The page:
‘We must become economically emancipated’ – President Granger at 2018 Emancipation celebrations
Georgetown, Guyana – (August 1, 2018) As Guyana, today, commemorated the 180th anniversary of the Abolition of Slavery, President David Granger urged Guyanese to pursue ‘economic emancipation’, which he said will become the gateway, not only to a better quality of life, but to a greater country as a whole. Economic emancipation, he said, is built on four pillars, namely education, employment, enterprise and empowerment.
Kicking off his Emancipation activities at the 8th of May Movement’s ‘Cultural Night’ at the Beterverwagting (BV)/ Quamina Primary School on Tuesday evening, the Head of State said with the upcoming oil and gas sector, it is necessary for persons to take advantage of the opportunities that will be presented. He noted that the former slaves had the vision and fortitude to establish villages and that it is now up to the descendants to ensure that the freedom fought for and won is utilised in a judicious manner.
“Today, all of us have an obligation to bring about what I call ‘economic emancipation’. We have to make poverty history just as we have made enslavement history. We have to build a society… just as our fore parents 180 years ago did. They were uneducated persons but they had a vision of the future. We too must have a vision for the future and where we want BV and Guyana to go. It is towards economic emancipation that we must turn our efforts. Everyday life is changing in Guyana and we must not be left behind,” he said.
In a direct reference to the oil and gas sector, President Granger noted that education played a critical role in the development of villages and continues to be important to the development of all communities and the country. It is a pathway to economic emancipation, he said.
The President, who has been pushing an ‘Every Child in School’ policy since his assumption to office, called on all residents to make that policy their personal responsibility in a cooperative effort to stamp out illiteracy, truancy and delinquency, so that the villages, communities, and, ultimately, the country, can benefit from young, bright minds, which drive the economy forward.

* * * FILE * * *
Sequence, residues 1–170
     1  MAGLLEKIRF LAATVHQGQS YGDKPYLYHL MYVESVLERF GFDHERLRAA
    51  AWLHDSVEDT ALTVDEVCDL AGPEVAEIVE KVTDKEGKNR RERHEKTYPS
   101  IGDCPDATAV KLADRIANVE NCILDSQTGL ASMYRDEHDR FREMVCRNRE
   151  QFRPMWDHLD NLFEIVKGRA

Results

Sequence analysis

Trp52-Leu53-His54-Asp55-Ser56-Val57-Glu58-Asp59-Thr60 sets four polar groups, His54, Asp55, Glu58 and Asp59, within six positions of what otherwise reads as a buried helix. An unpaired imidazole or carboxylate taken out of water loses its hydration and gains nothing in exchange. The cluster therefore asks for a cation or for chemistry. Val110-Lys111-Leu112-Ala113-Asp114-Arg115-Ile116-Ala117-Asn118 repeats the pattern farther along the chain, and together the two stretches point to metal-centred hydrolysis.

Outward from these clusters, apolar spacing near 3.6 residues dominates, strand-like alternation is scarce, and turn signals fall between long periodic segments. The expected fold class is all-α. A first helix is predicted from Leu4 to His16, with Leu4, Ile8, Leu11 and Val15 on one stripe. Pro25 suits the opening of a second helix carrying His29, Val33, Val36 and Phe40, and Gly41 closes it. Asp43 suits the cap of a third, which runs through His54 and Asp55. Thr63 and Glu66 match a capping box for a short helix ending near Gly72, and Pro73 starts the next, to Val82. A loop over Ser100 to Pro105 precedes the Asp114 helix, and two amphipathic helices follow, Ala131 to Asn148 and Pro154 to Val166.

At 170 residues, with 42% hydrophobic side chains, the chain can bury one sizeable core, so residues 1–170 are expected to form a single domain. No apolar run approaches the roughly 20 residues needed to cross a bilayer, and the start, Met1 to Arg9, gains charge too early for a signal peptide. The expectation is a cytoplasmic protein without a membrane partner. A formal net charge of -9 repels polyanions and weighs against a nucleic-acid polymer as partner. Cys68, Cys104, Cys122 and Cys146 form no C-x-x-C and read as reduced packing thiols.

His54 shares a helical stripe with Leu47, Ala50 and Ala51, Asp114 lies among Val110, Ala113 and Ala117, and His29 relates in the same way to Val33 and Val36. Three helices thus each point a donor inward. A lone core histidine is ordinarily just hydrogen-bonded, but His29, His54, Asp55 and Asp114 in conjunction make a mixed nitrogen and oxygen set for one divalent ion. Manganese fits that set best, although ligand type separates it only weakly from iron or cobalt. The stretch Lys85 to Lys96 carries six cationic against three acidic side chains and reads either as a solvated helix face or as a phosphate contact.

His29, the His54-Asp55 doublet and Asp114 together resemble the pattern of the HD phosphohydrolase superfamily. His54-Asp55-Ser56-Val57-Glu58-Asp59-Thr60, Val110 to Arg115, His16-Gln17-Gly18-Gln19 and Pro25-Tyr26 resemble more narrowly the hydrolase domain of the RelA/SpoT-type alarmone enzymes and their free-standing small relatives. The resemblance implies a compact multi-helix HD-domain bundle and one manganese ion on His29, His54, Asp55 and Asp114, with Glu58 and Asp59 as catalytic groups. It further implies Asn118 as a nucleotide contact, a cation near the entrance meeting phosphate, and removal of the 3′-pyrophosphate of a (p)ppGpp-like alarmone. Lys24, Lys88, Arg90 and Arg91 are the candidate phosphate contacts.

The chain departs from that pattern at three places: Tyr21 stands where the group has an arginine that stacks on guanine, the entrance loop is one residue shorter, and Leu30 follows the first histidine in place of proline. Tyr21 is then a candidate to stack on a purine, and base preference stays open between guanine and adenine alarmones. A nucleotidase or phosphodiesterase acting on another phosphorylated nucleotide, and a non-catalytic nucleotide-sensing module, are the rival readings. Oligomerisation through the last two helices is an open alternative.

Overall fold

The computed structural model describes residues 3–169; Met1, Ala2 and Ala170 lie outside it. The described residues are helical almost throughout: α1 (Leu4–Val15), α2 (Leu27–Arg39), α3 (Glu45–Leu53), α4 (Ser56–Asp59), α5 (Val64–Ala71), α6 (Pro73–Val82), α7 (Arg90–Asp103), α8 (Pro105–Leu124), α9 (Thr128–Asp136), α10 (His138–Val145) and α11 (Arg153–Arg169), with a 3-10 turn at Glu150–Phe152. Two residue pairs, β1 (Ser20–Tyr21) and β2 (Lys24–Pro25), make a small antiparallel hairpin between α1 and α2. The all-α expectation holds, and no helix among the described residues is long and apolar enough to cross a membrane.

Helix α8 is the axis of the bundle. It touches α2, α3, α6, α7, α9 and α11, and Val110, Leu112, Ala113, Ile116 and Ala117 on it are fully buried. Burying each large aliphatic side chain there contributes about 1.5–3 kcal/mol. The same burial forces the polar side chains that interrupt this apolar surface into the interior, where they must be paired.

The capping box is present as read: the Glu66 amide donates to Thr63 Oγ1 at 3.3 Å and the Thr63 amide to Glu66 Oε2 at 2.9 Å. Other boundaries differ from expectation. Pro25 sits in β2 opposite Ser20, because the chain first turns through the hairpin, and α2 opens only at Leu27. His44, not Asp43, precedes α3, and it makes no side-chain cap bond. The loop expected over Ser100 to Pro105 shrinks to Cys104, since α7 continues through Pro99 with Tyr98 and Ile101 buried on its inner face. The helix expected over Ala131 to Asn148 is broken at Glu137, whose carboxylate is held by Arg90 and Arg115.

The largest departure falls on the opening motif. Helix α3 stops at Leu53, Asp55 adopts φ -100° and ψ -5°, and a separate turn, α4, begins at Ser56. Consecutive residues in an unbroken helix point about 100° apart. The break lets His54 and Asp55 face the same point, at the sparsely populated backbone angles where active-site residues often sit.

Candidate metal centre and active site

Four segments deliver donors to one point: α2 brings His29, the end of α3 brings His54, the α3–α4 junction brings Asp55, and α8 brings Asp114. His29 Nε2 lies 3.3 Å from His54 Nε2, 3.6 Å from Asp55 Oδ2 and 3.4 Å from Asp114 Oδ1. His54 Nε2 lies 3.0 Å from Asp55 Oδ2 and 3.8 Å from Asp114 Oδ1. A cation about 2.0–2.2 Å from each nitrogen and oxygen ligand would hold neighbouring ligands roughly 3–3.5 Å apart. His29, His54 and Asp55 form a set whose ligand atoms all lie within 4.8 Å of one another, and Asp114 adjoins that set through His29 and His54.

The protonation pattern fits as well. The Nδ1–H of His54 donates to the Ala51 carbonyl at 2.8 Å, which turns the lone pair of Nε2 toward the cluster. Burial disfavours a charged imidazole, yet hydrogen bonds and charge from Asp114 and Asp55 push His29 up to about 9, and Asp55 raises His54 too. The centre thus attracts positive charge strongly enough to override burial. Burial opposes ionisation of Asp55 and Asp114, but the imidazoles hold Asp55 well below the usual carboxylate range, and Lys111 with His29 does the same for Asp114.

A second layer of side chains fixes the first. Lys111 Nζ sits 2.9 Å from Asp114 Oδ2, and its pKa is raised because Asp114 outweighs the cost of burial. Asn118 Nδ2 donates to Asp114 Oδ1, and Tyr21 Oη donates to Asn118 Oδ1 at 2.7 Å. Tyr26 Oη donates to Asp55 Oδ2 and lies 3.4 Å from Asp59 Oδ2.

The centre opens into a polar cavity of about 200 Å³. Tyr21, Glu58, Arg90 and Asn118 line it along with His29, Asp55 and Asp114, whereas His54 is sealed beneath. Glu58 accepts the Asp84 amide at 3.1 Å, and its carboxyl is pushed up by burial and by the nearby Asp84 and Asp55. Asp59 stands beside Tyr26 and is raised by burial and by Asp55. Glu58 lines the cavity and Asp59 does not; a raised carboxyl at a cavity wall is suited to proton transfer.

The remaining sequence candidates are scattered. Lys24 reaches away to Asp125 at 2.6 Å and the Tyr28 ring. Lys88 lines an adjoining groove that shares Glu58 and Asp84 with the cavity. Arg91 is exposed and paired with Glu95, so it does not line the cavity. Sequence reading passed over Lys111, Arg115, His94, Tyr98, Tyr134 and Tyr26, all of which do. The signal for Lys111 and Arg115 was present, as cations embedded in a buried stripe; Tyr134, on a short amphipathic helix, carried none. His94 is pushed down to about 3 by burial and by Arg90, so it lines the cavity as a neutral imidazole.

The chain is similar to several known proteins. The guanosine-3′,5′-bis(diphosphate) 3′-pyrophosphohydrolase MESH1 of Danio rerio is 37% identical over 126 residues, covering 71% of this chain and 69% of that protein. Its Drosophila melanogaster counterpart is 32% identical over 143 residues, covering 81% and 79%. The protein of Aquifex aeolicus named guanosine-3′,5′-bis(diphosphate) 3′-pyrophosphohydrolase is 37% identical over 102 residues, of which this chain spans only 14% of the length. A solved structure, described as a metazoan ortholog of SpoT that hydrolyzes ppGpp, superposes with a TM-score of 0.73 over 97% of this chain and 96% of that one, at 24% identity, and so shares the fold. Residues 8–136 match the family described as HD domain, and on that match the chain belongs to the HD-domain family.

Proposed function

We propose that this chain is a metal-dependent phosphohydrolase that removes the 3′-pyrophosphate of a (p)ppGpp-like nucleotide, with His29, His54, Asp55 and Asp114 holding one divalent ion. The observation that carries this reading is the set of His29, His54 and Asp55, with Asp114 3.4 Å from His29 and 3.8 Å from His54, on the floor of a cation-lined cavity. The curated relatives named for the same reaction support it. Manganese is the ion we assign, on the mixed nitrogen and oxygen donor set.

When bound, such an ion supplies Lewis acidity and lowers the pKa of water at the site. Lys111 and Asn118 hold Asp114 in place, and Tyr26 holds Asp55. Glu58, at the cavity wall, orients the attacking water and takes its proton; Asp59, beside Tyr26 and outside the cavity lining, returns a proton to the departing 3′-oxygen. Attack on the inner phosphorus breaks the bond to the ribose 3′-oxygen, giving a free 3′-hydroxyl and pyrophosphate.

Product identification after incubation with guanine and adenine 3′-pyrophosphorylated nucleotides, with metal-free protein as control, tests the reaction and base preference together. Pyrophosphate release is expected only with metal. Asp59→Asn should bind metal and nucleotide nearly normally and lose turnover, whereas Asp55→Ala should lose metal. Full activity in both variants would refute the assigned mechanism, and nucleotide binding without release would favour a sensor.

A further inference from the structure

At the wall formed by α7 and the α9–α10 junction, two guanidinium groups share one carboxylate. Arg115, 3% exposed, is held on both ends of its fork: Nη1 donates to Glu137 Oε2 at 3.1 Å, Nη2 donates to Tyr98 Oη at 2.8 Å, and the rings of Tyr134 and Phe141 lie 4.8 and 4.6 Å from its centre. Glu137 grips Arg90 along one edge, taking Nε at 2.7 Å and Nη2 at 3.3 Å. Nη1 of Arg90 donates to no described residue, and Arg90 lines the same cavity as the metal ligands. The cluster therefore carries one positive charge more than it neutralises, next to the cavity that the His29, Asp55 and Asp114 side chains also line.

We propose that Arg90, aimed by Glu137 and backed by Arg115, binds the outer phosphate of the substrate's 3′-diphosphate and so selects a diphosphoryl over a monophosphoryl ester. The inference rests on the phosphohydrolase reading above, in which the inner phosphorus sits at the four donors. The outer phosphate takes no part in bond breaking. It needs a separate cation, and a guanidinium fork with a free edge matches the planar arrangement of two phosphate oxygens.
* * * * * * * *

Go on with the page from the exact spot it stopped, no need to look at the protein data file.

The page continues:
The Head of State noted that the second and third pillars of economic emancipation, employment and enterprise, made former slaves successful at agriculture and farming. Their descendants, he said, have an obligation to make use of the abundant back dams and open opportunities left for them.
“We must not allow our villages to degenerate into mere dormitories. We must think about making our villages free from economic deprivation. We must plan what we are doing. We didn’t buy these villages, we inherited them… We got these things because of the struggle of our ancestors and if you do not make use of what your ancestors gave to you, you will be poor. They did not intend for you to be poor and destitute. They intended that you should never be slaves again… We must understand this. We must not sit on our hands. We must go out there and use our talents. If we go into our farms, workshops and schools, we will be able to build prosperity. I believe in villages, I believe in Beterverwagting,” President Granger said.
Empowerment, he noted, comes in the form of Local Government Elections (LGEs), which gives the citizens and villagers the power to manage their own communities in their best interests.
Meanwhile, over at No.53/ Union Village, where the Government of Guyana in collaboration with the Berbice Association of African Groups hosted the 2018 Emancipation Day celebrations, the Head of State handed over 25 bicycles for students to attend school. In his address, President Granger noted that 2018 must mark the beginning of the economic emancipation that is to come. He also called on the residents of No.53/ Union Village and other surrounding communities to take up the mantle of continuing to build strong villages, through the upholding of the four historical pillars of success, family, religion, education and gainful means of employment, especially in the area of agriculture.
“The villages are important even to today because the villages are the cradle of the nation. You have to start thinking about the future. The future is bright but if you are not careful, you will lose the advantage. We must continue to strengthen our villages and make them self-reliant. We must educate and empower our own sons and daughters. We must ensure that our children inherit something better than we inherited from our fore parents,” he said.
The President, as is customary, also visited the Glory Light Tabernacle in Plaisance, East Coast Demerara for its annual Emancipation Sunrise Service and Prayer Breakfast. While there, he called on the church to ensure that the community does not forget the people, who made the village a reality and to show the young generation the heights that the village can reach with hard work and commitment.
The President noted that while freed Africans were poor and uneducated, they were rich in their understanding of the need to look after their families. It is primarily for this reason that they pooled their resources and started the Village Movement. Within the first decade after Emancipation, freed Africans purchased 15,000 acres of land at the value of $1M, which they converted into communities. The village of Plaisance, which sits on about 300 acres of land, was purchased by 65 persons for $39,000 in 1842.
The events featured folk songs, drumming and other cultural displays, which were all warmly received by the crowd.